Clinical features

From HPO
Pes cavus
MedGen UID:
675590
Concept ID:
C0728829
Congenital Abnormality
An increase in height of the medial longitudinal arch of the foot that does not flatten on weight bearing (i.e., a distinctly hollow form of the sole of the foot when it is bearing weight).
Cardiomegaly
MedGen UID:
5459
Concept ID:
C0018800
Finding
Increased size of the heart, clinically defined as an increased transverse diameter of the cardiac silhouette that is greater than or equal to 50% of the transverse diameter of the chest (increased cardiothoracic ratio) on a posterior-anterior projection of a chest radiograph or a computed tomography.
Mitral stenosis
MedGen UID:
44466
Concept ID:
C0026269
Disease or Syndrome
An abnormal narrowing of the orifice of the mitral valve.
Aortic valve calcification
MedGen UID:
140899
Concept ID:
C0428791
Disease or Syndrome
Deposition of calcium salts in the aortic valve.
Mitral valve calcification
MedGen UID:
181575
Concept ID:
C0919718
Disease or Syndrome
Abnormal calcification of the mitral valve.
Calcification of the aorta
MedGen UID:
202111
Concept ID:
C1096249
Pathologic Function
Calcification, that is, pathological deposition of calcium salts in the aorta.
Hepatomegaly
MedGen UID:
42428
Concept ID:
C0019209
Finding
Abnormally increased size of the liver.
Hydrocephalus
MedGen UID:
9335
Concept ID:
C0020255
Disease or Syndrome
Hydrocephalus is an active distension of the ventricular system of the brain resulting from inadequate passage of CSF from its point of production within the cerebral ventricles to its point of absorption into the systemic circulation.
Seizure
MedGen UID:
20693
Concept ID:
C0036572
Sign or Symptom
A seizure is an intermittent abnormality of nervous system physiology characterized by a transient occurrence of signs and/or symptoms due to abnormal excessive or synchronous neuronal activity in the brain.
Pancytopenia
MedGen UID:
18281
Concept ID:
C0030312
Disease or Syndrome
An abnormal reduction in numbers of all blood cell types (red blood cells, white blood cells, and platelets).
Splenomegaly
MedGen UID:
52469
Concept ID:
C0038002
Finding
Abnormal increased size of the spleen.
Strabismus
MedGen UID:
21337
Concept ID:
C0038379
Disease or Syndrome
A misalignment of the eyes so that the visual axes deviate from bifoveal fixation. The classification of strabismus may be based on a number of features including the relative position of the eyes, whether the deviation is latent or manifest, intermittent or constant, concomitant or otherwise and according to the age of onset and the relevance of any associated refractive error.
Horizontal nystagmus
MedGen UID:
124399
Concept ID:
C0271385
Disease or Syndrome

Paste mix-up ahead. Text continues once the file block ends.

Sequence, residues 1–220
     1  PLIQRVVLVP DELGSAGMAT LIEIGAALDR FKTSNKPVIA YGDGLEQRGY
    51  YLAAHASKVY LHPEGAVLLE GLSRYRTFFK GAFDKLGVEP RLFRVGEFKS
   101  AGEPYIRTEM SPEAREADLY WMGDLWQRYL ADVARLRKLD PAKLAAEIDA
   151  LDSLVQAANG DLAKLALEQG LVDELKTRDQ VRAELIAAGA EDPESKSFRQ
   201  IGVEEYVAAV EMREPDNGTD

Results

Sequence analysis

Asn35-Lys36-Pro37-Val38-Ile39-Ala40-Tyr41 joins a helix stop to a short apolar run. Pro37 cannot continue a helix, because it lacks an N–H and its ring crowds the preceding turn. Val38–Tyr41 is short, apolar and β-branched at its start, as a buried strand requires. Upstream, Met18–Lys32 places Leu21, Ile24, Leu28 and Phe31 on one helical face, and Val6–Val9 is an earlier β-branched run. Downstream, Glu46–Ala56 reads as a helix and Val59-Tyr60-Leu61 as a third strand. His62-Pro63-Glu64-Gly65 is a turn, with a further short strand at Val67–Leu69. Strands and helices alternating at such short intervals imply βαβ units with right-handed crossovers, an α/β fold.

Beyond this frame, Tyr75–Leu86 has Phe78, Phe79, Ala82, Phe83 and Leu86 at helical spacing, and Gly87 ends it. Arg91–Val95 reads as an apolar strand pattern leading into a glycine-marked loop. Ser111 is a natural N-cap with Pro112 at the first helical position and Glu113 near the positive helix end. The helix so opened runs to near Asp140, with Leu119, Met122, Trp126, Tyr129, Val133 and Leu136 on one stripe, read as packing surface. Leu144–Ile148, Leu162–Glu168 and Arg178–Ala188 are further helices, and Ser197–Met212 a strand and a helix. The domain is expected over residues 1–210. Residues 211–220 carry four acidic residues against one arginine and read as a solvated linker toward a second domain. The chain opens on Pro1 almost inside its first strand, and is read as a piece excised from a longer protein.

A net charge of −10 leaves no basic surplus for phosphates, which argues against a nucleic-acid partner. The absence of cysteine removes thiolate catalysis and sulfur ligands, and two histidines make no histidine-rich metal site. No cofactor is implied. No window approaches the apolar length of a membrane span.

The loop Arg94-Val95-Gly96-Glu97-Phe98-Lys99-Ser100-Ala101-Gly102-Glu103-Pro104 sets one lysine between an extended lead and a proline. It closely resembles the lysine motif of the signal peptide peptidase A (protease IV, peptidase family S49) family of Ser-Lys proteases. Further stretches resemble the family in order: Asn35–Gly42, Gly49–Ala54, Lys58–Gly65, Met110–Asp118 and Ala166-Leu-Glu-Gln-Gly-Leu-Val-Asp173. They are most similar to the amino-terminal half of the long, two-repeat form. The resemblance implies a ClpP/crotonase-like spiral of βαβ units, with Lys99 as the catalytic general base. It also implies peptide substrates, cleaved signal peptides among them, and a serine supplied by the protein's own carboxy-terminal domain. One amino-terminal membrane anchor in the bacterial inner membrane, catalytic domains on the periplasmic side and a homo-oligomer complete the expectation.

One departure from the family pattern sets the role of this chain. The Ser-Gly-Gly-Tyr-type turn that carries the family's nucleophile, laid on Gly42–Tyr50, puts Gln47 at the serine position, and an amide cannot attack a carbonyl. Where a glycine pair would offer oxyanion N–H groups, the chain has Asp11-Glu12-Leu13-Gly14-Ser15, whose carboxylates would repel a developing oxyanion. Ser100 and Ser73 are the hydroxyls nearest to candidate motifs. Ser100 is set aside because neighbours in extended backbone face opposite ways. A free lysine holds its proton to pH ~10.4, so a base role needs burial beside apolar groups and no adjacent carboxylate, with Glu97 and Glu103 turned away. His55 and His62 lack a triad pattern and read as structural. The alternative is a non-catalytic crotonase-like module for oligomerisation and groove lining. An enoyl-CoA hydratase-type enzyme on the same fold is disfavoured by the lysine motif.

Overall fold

Nystagmus consisting of horizontal to-and-fro eye movements.
Opacification of the corneal stroma
MedGen UID:
602191
Concept ID:
C0423250
Finding
Reduced transparency of the stroma of cornea.
Supranuclear ophthalmoplegia
MedGen UID:
235616
Concept ID:
C1408507
Disease or Syndrome
A vertical gaze palsy with inability to direct the gaze of the eyes downwards.
Slowed horizontal saccades
MedGen UID:
341564
Concept ID:
C1856477
Finding
An abnormally slow velocity of horizontal saccadic eye movements.
Hypometric horizontal saccades
MedGen UID:
341565
Concept ID:
C1856478
Finding
Saccadic undershoot of horizontal saccadic eye movements, i.e., a horizontal saccadic eye movement that has less than the magnitude that would be required to gain fixation of the object.

Professional guidelines

PubMed

Nitschke Y, Rutsch F
Curr Osteoporos Rep 2017 Aug;15(4):255-270. doi: 10.1007/s11914-017-0370-3. PMID: 28585220

Recent clinical studies

Etiology

Rutsch F, Buers I, Nitschke Y
Arterioscler Thromb Vasc Biol 2021 Jan;41(1):35-47. Epub 2020 Nov 12 doi: 10.1161/ATVBAHA.120.315577. PMID: 33176451
Nitschke Y, Rutsch F
Curr Osteoporos Rep 2017 Aug;15(4):255-270. doi: 10.1007/s11914-017-0370-3. PMID: 28585220
Kumar KR, Lohmann K, Klein C
Curr Opin Neurol 2012 Aug;25(4):466-74. doi: 10.1097/WCO.0b013e3283547627. PMID: 22772876
Kessler M, Netter P, Azoulay E, Mayeux D, Pere P, Gaucher A
Br J Rheumatol 1992 Mar;31(3):157-62. doi: 10.1093/rheumatology/31.3.157. PMID: 1540782

Diagnosis

Loret A, Jacob C, Mammou S, Bigot A, Blasco H, Audemard-Verger A, Schwartz IV, Mulleman D, Maillot F
Orphanet J Rare Dis 2023 Aug 10;18(1):239. doi: 10.1186/s13023-023-02810-6. PMID: 37563694Free PMC Article
Rutsch F, Buers I, Nitschke Y
Arterioscler Thromb Vasc Biol 2021 Jan;41(1):35-47. Epub 2020 Nov 12 doi: 10.1161/ATVBAHA.120.315577. PMID: 33176451
Krishna SH, McKinney AM, Lucato LT
Semin Ultrasound CT MR 2014 Apr;35(2):160-91. Epub 2013 Oct 23 doi: 10.1053/j.sult.2013.10.008. PMID: 24745891
Kessler M, Netter P, Azoulay E, Mayeux D, Pere P, Gaucher A
Br J Rheumatol 1992 Mar;31(3):157-62. doi: 10.1093/rheumatology/31.3.157. PMID: 1540782

Therapy

Allgrove J
J Pediatr Endocrinol Metab 2002;15 Suppl 3:921-8. PMID: 12199351
Kessler M, Netter P, Azoulay E, Mayeux D, Pere P, Gaucher A
Br J Rheumatol 1992 Mar;31(3):157-62. doi: 10.1093/rheumatology/31.3.157. PMID: 1540782